Dr. Karla Drenner is a professor at Kaplan University and teaches undergraduate and graduate public administration courses. She also has served as a state representative in Georgia for 14 years, owns her own environmental and safety consulting firm, authored a book, and earned five college degrees.
She is a great example of an inspirational woman in public service. We celebrate her and the women who have come before her who have helped pave the path for women in public service during March’s Women’s History Month.
We sat down and talked with Dr. Drenner about her career and her numerous accomplishments, to get some advice for our Kaplan University students who are interested in entering public service.
Q: What inspired you to enter public service?
A: My family has always been in politics. I’ve worked with government agencies for my entire environmental and safety career. I then focused one of my PhDs on Public Policy Analysis and Administration, and my thesis was about basically about how to set an agenda. A few years later I just knew it was time for me to serve.
Q: Tell us about how you got elected to become the representative in District 85 for the state of Georgia.
A: It wasn’t an easy process. Once I decided that I wanted to do it, I went to a few campaign schools and tried to learn as much as I could. I decided to hone in on what I do best. I believe that “walking and listening” is what got me elected. I walked my entire district three times and talked to over 3,500 people three times! I learned that people really want you to listen to them, they want to know that you care about what they have to say.
Q: What are some of your accomplishments in the state that you’re most proud of?
A: I am so proud to be a Subject Matter Expert in energy and environmental policy for the state of Georgia. I also am proud of the list of bills that I have cosponsored. I am in the minority party here in Georgia, and I feel that I have succeeded in working across party lines. I look at all of the awards I have earned throughout the years, and while it’s not the actual awards that I am proud of, it is the fact that you must have courage of conviction. I don’t really like conflict, but I learned to make conflict constructive. To disagree without being disagreeable.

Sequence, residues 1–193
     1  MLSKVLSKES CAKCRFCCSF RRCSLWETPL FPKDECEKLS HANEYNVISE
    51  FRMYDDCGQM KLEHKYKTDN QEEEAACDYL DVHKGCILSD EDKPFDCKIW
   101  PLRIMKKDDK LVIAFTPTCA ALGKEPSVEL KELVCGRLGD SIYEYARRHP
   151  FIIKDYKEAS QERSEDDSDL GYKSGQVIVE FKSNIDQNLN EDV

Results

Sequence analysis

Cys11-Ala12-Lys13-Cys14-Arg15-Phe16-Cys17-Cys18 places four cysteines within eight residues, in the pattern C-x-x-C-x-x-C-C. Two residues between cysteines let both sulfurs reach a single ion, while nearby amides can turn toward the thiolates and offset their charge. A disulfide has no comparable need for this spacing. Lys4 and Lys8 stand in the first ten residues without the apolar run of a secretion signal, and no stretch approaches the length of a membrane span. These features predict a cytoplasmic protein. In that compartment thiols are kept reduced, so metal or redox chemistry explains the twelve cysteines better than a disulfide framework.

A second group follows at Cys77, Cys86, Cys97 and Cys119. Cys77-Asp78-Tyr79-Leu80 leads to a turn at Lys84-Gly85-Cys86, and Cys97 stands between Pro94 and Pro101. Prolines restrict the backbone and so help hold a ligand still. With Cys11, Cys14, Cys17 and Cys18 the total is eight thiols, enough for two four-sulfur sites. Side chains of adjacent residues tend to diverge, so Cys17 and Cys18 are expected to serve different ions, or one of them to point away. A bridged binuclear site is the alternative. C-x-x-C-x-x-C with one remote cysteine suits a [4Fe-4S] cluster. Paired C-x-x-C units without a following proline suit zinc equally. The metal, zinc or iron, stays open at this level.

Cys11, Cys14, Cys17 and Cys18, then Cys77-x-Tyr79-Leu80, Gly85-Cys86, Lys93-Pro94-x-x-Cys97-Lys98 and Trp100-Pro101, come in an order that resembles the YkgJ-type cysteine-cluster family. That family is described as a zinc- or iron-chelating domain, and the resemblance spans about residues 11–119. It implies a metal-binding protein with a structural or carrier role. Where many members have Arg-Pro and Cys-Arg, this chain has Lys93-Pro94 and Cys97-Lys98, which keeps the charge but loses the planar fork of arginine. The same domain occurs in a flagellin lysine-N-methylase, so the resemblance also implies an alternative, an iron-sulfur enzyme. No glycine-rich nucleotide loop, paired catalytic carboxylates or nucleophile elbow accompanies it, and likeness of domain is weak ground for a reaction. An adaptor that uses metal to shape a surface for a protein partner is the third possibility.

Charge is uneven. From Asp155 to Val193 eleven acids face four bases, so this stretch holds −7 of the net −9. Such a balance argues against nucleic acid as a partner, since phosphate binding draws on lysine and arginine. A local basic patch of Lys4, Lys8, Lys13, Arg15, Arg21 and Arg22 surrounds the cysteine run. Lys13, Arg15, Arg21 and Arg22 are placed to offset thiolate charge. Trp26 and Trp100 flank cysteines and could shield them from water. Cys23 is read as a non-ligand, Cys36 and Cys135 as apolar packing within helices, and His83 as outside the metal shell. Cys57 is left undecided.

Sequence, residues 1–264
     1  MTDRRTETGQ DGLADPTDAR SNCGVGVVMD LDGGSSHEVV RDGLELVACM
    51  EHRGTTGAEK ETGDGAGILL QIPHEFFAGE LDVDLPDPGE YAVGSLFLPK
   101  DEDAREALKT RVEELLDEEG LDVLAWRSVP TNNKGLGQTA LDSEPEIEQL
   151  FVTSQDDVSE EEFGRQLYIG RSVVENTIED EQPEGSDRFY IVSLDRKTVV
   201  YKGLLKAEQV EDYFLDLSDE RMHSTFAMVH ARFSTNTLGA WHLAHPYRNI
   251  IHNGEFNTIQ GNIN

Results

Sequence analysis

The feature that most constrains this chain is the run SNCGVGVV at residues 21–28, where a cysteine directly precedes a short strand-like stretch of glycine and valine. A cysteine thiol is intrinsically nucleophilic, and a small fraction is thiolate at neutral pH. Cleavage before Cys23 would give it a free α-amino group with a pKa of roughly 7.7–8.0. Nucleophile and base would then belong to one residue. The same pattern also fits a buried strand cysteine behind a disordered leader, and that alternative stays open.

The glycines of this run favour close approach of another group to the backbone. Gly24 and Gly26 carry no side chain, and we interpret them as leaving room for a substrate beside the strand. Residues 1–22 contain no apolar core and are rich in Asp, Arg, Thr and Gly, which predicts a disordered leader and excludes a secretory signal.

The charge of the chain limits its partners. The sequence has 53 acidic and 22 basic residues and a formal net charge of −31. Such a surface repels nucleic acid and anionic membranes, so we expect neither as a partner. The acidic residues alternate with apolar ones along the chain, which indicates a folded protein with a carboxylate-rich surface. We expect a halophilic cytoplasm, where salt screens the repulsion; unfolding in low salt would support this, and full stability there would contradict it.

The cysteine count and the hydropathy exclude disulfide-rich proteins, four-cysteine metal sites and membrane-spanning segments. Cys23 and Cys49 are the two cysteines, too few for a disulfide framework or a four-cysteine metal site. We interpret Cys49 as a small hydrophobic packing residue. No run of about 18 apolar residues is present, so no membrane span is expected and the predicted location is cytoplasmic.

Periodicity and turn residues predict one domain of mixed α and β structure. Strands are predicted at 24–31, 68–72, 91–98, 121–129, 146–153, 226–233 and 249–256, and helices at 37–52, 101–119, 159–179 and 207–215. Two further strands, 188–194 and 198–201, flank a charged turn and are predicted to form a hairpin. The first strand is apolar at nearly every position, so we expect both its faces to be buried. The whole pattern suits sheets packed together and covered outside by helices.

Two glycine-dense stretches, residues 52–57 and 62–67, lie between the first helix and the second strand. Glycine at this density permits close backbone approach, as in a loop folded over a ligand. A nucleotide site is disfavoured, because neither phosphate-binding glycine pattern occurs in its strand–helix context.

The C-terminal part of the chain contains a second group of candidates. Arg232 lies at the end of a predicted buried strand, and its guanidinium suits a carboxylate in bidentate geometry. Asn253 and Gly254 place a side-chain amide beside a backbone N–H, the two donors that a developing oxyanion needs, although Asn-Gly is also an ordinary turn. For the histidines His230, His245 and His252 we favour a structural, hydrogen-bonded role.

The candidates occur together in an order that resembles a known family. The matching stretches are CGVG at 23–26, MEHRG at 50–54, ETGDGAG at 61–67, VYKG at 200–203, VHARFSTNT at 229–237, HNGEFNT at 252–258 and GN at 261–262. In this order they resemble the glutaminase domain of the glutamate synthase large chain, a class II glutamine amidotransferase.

Q: What do you do in your “down” time?
A: Well, I wish I had more of it! Especially now, the first three or four months of the year is when we are in session, so I don’t have much free time. When I do have some time to myself I really enjoy watching movies and reading science fiction. I also have run 15 marathons.
Q: What do you like most about teaching at Kaplan University?
A: I really love the learning process. I like to share my experience—I feel like I am “paying it forward.” Many of my students have a lot of demands on their time, but they remain committed to their education, despite the obstacles they face. That is so impressive to me. Education is truly a game-changer.
Just like my constituents, many of my students really need me, and I try to be available, helpful, and understanding. They are an extension of my public service. I enjoy getting to know them, and I also learn from my students!
Q: We understand that you wrote a book called One: The True Story of Politics, Prayer and The Power of One (Stars Books and Stripes, 2002). Can you tell us more about the book, what inspired you to write it, and where we can get it?
A: What inspired me to write the book was to describe mainly for my children what it was like to serve my first term. It is available on Amazon.
Q: This March is Women’s History Month. Is there any woman in history who has inspired you?
A: Wow, where do I start? Was it my first grade, sixth grade, or innumerable college professors? Really, the women who encouraged me to live my dreams were my grandmothers and my mom. They are women who taught me to work hard, believe in myself, and follow my dreams!